Norris condemns indecent spectacle of TDs seeking local pre-budget gains


SEANAD REPORT:REFERRING TO speculation on whether the budget would be passed, David Norris (Ind) said it was time for an end to the “indecent spectacle” of allegedly independent parliamentarians using their momentary leverage to secure local advantage for their own little parishes. “I find that disgusting when the entire country is facing a difficulty.”

Mr Norris also said it had been astonishing to hear people on the Fine Gael side apparently praising proposals tabled by the trade unions during the social partnership talks, “because during the discussion of that at government level, they were consistently undermining and attacking them”.

This kind of point-scoring reduced politics. It would make people cynical, he believed.

Earlier, Frances Fitzgerald, Fine Gael leader in the House, accused the Government of displaying endemic incompetence and failing to inspire confidence.

She noted that trade union leader Peter McLoone had listed in The Irish Timesyesterday the kind of public service reforms that had been on the table last week.

Ms Fitzgerald wondered why this level of reform was being discussed at the 11th hour when it was so badly needed in order to provide the kind of frontline services that were required in health, education and every other area.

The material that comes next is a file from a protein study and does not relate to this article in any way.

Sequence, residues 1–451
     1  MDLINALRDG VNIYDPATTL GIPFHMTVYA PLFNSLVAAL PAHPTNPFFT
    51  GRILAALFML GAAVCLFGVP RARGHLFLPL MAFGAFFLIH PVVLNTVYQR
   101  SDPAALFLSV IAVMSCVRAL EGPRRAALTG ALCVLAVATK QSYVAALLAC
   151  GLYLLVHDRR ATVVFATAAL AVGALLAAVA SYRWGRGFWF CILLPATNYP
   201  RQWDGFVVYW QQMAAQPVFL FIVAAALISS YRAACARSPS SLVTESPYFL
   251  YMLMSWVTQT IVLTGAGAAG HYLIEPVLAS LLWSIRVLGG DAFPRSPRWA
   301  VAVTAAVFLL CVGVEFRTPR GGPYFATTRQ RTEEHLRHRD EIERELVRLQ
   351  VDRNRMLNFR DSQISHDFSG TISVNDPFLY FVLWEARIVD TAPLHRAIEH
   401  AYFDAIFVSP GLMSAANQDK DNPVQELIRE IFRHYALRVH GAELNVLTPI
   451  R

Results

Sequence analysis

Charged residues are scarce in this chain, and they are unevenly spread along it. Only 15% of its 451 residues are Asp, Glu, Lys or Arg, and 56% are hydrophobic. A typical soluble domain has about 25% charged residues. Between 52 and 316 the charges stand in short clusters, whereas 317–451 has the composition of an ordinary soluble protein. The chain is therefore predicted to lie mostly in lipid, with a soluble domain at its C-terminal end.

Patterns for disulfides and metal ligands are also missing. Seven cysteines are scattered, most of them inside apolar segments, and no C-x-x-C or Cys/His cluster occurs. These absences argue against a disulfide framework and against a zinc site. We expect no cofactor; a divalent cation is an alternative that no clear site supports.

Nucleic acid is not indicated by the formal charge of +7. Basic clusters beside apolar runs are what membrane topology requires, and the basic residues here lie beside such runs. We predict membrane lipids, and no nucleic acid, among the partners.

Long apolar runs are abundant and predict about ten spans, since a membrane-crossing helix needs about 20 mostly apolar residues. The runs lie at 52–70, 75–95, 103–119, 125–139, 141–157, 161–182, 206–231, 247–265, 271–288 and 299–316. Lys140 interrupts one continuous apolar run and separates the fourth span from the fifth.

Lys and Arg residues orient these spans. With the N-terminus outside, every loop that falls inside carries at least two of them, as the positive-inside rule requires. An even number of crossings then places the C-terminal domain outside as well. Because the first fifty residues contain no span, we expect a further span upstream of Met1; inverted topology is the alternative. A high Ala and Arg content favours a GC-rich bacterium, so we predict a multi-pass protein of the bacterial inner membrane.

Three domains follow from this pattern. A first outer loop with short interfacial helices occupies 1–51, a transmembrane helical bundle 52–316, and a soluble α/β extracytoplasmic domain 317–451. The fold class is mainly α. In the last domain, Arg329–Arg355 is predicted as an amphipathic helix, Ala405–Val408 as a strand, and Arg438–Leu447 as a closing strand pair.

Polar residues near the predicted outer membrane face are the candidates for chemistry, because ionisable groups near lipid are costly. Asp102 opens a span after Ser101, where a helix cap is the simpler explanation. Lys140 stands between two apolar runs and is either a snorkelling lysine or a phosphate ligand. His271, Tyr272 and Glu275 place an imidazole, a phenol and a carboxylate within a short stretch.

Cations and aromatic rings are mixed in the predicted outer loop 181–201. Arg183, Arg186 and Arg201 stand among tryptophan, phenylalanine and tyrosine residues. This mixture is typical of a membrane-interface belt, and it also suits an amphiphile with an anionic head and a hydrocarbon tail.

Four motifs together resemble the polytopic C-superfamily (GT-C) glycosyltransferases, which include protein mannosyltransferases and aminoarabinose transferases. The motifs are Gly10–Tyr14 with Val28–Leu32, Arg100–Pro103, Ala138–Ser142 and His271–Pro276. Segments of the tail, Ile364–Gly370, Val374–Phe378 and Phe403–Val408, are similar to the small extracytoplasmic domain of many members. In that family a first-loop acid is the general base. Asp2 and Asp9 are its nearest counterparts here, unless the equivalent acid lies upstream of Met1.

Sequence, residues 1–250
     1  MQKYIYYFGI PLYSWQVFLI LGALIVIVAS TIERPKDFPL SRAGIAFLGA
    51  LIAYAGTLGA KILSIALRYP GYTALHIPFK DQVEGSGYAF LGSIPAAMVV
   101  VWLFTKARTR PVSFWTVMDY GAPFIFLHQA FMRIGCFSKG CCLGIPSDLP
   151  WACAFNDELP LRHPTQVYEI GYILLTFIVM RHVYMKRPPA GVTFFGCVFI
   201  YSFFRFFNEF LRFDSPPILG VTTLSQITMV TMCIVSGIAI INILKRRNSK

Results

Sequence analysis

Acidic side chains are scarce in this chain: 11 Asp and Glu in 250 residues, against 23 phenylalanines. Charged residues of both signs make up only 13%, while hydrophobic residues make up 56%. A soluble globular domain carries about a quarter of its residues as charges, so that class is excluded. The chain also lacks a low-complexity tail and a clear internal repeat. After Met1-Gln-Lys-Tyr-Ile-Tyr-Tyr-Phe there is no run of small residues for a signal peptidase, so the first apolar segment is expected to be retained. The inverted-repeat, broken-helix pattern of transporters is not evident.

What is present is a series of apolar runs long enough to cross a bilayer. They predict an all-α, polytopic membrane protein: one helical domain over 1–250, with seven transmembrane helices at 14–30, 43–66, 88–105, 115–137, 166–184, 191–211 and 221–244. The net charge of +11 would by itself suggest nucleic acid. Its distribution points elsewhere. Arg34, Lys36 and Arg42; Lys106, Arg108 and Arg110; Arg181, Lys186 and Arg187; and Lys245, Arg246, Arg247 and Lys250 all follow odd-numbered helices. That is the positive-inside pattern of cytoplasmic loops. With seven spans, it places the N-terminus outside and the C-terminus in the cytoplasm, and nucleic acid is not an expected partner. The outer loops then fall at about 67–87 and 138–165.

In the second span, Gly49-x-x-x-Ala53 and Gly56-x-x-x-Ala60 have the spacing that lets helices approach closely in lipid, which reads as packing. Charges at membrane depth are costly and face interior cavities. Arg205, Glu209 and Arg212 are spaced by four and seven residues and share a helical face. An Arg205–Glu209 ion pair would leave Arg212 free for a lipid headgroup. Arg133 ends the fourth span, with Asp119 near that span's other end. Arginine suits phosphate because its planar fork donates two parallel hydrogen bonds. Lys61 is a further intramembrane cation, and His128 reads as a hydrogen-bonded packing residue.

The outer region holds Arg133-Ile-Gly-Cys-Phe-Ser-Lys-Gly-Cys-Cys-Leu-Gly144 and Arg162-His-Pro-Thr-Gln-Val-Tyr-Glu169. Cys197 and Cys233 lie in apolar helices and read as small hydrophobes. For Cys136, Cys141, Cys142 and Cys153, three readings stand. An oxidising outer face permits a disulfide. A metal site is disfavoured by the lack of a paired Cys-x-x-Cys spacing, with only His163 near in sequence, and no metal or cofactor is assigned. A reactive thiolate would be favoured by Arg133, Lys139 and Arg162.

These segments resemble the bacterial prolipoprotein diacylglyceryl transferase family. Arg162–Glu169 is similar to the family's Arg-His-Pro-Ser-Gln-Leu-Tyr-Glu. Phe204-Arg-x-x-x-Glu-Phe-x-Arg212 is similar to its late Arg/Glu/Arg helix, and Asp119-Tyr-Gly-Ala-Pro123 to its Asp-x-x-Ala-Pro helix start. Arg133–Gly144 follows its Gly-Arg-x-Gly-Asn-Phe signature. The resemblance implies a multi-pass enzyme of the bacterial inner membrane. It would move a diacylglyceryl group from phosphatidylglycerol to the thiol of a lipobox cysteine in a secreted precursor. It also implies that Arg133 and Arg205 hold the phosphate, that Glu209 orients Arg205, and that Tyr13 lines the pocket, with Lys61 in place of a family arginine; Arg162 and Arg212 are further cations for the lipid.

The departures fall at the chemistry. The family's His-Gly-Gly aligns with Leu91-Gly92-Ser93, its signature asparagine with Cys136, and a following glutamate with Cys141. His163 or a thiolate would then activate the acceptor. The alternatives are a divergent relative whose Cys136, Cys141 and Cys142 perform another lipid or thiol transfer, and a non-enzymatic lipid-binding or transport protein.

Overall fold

“I think it is an absolute disgrace and a complete indictment of the way it’s been managed by the Government . . . clear for all to see with what was on the table last week.”


A law could not be passed to challenge pre-existing acquittals, because it would be trespassing on the judicial domain, Minister for Justice Dermot Ahern said.

He was rejecting a Fine Gael attempt to have the removal of the double jeopardy rule in criminal proceedings made retrospective.

Mr Ahern said he thought it was wrong to suggest that the proposed amendment would involve just a procedural change. This went to the very core of an acquittal. From the advice he had received from the Attorney General, there was a very clear danger that, if the amendment was accepted, there would be a very strong risk of referral of the Bill to the Supreme Court and the possibility that the entire measure would not survive.

Eugene Regan, Fine Gael justice spokesman, outlined a range of legal arguments which, he said, fortified his view that the Bill was defective in not allowing the retrospective application of the law.

Maurice Cummins (FG) said that if any senator’s family member had been murdered and it had been later discovered that an acquittal had arisen as a result of a defect, was it being suggested that there could not be a retrial. He did not think that the public would agree with that approach.

The amendment was defeated.